Alexandra, a student in the North Island, won $10,000 for Habitat For Humanity Vancouver Island North, for her submission in the Meaning of Home writing contest. Photo supplied

Alexandra, a student in the North Island, won $10,000 for Habitat For Humanity Vancouver Island North, for her submission in the Meaning of Home writing contest. Photo supplied

North Island student wins $10,000 for Habitat VIN in writing contest

Donates Samsung Galaxy Tab she won to Indigenous Education

Habitat for Humanity Vancouver Island North has once again received a $10,000 grant courtesy of Sagen, thanks to the efforts of a local student.

Alexandra, a Grade 4 student in the North Island, was one of the runners-up in the 2021 Meaning of Home writing contest.

The annual Meaning of Home writing contest encourages students in grades 4, 5 and 6 to share what home means to them through a poem or short essay.

Every year, there are three grand prize winners, one from each grade, who win a $30,000 grant towards their local Habitat for Humanity build, and nine runners up (including Alexandra) who win a $10,000 grant towards Habitat VIN.

Last year, École Robb Road student Alice Hopkins won one of the $10,000 grants.

Aside from the major prize winners, every entry received earns $10 toward the local build. This year, 190 local students took part in the contest – accounting for a 55 per cent increase over the 2020 contest, and resulting in an additional $1,900 for Habitat VIN.

“Every year we’re inspired by the submissions we get to this contest, and the strong understanding youth have around the need for a safe and decent place to live,” said Cady Corman, Habitat VIN’s director of communications. “We are so grateful to the teachers and parents in our community who championed this program, and to Alexandra for her moving essay. This grant will have a life-changing impact on local families.”

Alexandra’s impact on others did not end there. As a runner-up, Alexandra also won a Samsung Galaxy Tab A. She has decided to pass along the prize, so others can learn.

“Alexandra and her classmates were quite devastated to hear about the news that came out of Kamloops,” said Corman. “Alexandra would like to dedicate her poem to the 215 children, and all Indigenous children who never made it home. She is donating the tablet she won through this contest to the Indigenous Education Program at her school.”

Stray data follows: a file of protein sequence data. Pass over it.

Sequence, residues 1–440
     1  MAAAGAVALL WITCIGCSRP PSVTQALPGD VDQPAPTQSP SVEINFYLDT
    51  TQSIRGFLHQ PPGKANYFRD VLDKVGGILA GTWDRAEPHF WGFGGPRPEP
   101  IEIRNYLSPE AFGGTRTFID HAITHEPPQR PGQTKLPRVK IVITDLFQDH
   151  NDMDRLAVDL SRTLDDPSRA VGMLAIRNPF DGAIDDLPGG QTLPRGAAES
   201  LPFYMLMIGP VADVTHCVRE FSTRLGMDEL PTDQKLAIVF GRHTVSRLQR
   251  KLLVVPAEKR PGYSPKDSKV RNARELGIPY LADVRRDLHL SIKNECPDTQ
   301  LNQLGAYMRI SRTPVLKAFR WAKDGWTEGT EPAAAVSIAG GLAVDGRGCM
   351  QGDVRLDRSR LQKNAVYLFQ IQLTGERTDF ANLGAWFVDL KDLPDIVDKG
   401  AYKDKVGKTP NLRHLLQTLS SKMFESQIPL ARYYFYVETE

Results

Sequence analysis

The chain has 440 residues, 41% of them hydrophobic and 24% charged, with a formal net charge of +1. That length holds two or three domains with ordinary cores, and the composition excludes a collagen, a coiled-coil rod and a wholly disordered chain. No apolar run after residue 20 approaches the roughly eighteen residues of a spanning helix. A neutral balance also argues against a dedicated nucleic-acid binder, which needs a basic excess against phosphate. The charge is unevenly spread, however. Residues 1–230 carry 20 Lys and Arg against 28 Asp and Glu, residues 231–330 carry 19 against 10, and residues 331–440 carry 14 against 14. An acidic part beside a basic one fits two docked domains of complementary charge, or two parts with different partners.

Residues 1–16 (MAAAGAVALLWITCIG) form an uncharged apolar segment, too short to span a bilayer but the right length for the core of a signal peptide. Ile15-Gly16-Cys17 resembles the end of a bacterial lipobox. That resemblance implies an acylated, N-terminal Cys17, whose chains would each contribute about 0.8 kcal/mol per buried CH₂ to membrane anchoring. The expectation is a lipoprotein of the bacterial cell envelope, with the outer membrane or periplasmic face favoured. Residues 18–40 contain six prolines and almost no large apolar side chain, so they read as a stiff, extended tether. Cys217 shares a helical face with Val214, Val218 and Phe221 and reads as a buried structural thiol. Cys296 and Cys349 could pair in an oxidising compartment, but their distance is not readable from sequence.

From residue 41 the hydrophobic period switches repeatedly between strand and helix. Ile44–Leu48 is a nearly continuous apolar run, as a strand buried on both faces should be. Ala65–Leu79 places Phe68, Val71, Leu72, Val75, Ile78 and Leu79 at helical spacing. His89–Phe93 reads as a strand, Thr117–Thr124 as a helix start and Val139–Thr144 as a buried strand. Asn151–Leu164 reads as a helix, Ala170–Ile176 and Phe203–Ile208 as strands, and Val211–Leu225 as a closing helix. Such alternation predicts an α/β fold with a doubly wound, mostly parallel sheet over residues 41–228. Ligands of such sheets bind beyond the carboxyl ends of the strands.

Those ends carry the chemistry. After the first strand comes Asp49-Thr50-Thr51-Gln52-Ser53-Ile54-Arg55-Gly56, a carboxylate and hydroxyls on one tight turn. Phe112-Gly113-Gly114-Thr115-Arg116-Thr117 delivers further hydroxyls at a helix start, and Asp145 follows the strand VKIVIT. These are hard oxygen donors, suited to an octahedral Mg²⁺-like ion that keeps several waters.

The Meaning of Home contest is made possible through the support of founding sponsor, Sagen (formerly known as Genworth Canada) and award sponsors Revera and Swiffer.

Below is Alexandra’s winning entry:

The feelings of home

by Alexandra

To me, home is not a place, but a feeling. Home is about love, connection and belonging. Home is about being understood and accepted for being your authentic self.

Home is about comfort and security.

Home can’t be contained in four walls because home is much broader than that. Home is something greater than ourselves and our immediate families. Home is about my community, my province, my country, and my world.

Home is striving to make a positive difference in the lives of the people with whom we are all connected. Home is collectively working together to make the world a better place.

My home has never been the same. My home constantly changes.

But the feelings of home remain the same. Home is the people I meet and the different cultures I experience. Home is the community that embraces me and where I embrace others. Home is the place that I give and make certain sacrifices such as having my dad deploy so that others may have the same feelings that I do: that they are worthy of love, connection, freedom, peace and security. They are worthy of the feelings of home.

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